Another duty of the Assembly is "to provide services for the whole church that can beperformed more effectively from a national base." These services may includedeveloping a curriculum for the educational programs of the churches in thedenomination, providing publishing houses to produce books of particular interest toPresbyterians, and devising and overseeing systems for coordinating the movement ofministers within the church. (G-13.0103)In order to fulfill its responsibility to provide for communication, the General Assemblysupports a denominational magazine and certain other news outlets. It maintains aservice that allows anyone to contact the General Assembly by mail, telephone, orcomputer to have their questions about the church answered or to gather otherinformation. It also provides resources and direction for the evangelism, justice, andservice ministries of less inclusive governing bodies. As with presbyteries and synods,the General Assembly has the right and responsibility to form and oversee any agenciesnecessary to carry out its work. (G-13.0103)On behalf of the whole church, the General Assembly maintains relationships withbodies of other faiths and denominations. (G-13.0103)As the most inclusive governing body of the church, the General Assembly is given thepower "to decide controversies brought before it and to give advice and instruction incases submitted to it, in conformity with the Constitution." In cases of judicial process,the General Assembly exercises this function through its Permanent JudicialCommission. The rulings of the Permanent Judicial Commission are final.(G-13.0103, D-5.0000)In addition to the use of overtures from presbyteries and synods, issues of concern tothe denomination will be brought before the General Assembly by resolutions fromcommissioners to the General Assembly. The decisions and advice of the GeneralAssembly on these matters are printed in its minutes. From time to time, in carrying outthis duty, the General Assembly will also authorize statements or study papers oncurrent issues to be written and distributed to the churches. (G-13.0103)PCUSA How It Works 2008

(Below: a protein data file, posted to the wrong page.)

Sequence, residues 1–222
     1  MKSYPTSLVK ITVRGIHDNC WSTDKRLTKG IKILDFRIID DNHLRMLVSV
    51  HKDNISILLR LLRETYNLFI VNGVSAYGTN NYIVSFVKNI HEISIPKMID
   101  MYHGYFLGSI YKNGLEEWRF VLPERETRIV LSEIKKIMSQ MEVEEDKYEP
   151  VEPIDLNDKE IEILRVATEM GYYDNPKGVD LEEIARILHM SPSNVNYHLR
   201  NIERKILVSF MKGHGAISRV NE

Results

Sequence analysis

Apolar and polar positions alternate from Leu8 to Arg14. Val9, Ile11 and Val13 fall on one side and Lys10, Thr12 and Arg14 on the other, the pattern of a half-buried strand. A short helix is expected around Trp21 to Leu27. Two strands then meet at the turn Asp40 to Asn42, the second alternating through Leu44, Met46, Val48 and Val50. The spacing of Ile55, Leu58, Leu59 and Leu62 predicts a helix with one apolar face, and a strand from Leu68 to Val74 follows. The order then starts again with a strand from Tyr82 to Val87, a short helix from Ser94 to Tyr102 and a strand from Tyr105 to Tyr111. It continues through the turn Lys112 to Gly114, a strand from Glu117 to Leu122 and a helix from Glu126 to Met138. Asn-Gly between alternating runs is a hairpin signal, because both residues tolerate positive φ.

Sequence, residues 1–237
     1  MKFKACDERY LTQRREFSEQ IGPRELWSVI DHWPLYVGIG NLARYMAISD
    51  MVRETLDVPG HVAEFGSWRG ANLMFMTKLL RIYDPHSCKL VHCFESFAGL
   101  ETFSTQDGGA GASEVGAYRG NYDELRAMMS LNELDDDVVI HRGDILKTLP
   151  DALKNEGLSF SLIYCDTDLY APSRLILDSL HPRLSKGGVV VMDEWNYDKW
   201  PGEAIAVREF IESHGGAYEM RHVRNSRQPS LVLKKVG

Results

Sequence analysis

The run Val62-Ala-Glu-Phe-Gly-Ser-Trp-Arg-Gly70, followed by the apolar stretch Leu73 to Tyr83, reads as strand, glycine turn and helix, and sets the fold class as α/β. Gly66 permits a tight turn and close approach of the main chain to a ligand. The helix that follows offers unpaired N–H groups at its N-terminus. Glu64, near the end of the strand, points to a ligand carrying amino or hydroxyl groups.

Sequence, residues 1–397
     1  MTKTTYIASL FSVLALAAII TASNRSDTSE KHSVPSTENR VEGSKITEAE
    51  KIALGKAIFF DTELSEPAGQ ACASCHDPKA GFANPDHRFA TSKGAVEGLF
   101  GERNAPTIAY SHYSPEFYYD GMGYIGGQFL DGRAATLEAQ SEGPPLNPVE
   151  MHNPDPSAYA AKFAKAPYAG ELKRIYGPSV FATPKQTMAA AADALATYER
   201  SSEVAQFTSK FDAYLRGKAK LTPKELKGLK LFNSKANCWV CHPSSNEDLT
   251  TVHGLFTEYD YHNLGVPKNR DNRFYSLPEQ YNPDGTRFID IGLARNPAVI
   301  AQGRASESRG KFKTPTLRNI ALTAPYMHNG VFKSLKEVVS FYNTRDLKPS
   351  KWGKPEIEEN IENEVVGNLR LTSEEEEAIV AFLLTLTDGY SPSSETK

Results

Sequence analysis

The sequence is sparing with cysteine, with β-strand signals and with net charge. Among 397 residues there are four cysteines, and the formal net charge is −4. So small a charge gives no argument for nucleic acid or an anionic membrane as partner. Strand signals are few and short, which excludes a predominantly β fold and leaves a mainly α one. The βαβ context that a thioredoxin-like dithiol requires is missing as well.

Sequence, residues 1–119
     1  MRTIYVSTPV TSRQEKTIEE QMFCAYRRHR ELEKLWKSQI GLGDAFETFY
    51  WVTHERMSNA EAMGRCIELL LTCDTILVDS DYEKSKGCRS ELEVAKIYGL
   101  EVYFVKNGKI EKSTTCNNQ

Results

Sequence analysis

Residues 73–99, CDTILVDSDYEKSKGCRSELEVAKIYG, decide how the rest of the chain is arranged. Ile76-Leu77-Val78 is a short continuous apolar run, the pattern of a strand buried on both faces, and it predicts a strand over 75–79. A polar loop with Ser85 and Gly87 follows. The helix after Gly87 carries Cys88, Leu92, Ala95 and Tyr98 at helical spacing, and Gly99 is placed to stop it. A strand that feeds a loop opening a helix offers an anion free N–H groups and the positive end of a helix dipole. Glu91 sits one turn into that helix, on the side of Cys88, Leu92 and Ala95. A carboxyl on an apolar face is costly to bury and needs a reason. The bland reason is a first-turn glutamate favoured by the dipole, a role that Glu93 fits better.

Synod and Presbytery MapThe Unity Found in RelationshipsChurches do not carry out their mission in isolation nor for their own satisfaction. "Thenature of Presbyterian order is such that it shares power and responsibility. The systemof governing bodies, whether they have authority over one or many churches, sustainssuch mutual relationships within the structures as to express the unity of the Church."(G-4.0302)Contributors to this resource:Rev. Charles L. Stanford, Jr., Retired Exec. Presbyter, Louisville PresbyteryDoska Ross, Assistant Stated Clerk / Manager of Polity Guidance and Training,Office of the General AssemblyKate Cannon, Production Manager, Presbyterians Today MagazineEdna Sinnock, Associate for Churchwide Communication ServicesPCUSA How It Works 2008

the staff, including pastors, co-pastors, and associate pastors. (G-10.0101) The session is responsible for all decisions regarding the program and policies of its congregation, except for the two powers reserved for the congregation: the election of officers, including the pastoral staff, and the buying, selling, and/or mortgaging of church